A recent study and report by ARCADIS found that construction disputes in the U.S. lasted an average of 14.4 months in 2011, compared to 11.4 months in 2010.  In contrast, the global average was only 10.6 months, and specifically disputes in the U.K. were resolved at only 8.7 months.   Generally, construction disputes in 2011 fell to 32.2 million dollars from 35.1 million in 2010. 

ARCADIS (a design, consulting, engineering and management services company) believes that the dramatic fall in the value of U.S. construction disputes is based on a depressed construction market and not with an increase in any type of dispute resolution.  The issue has also been raised that if there is a bad economy, less bills are being paid so therefore more money is owed and then more litigation. However, if no one is getting paid, can anyone afford to file a claim.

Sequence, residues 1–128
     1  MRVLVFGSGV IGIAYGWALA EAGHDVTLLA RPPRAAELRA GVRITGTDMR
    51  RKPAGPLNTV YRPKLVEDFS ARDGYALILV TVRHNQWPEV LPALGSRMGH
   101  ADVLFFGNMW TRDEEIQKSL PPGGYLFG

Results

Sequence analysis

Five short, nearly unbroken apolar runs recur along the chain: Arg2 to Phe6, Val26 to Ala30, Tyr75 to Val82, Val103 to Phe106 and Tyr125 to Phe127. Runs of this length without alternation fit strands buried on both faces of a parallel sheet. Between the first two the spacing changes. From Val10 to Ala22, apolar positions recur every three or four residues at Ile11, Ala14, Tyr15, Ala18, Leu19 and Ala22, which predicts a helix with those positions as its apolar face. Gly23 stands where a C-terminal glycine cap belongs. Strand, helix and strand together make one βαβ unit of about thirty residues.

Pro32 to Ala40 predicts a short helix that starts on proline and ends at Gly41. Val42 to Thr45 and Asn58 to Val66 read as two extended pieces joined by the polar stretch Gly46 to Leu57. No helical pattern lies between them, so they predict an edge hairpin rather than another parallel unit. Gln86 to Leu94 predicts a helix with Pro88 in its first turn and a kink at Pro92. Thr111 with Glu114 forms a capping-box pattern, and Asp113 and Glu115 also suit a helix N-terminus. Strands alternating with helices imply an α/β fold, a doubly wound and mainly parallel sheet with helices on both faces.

The study found that the most common causes of disputes in global and U.S. construction projects were (a) ambiguities in a contract document; (b) incomplete design information; (c) conflicting party interests; (d) failure to make interim awards on extensions of time and monetary relief; and (e) failure to properly administer the contract.

It seems to me that only (c) - (e) would really be impacted by the economy. Ambiguities in construction projects and incomplete design information will always be there.

Have you noticed a decrease in disputes?

It is interesting to see if construction disputes will continue down this trend.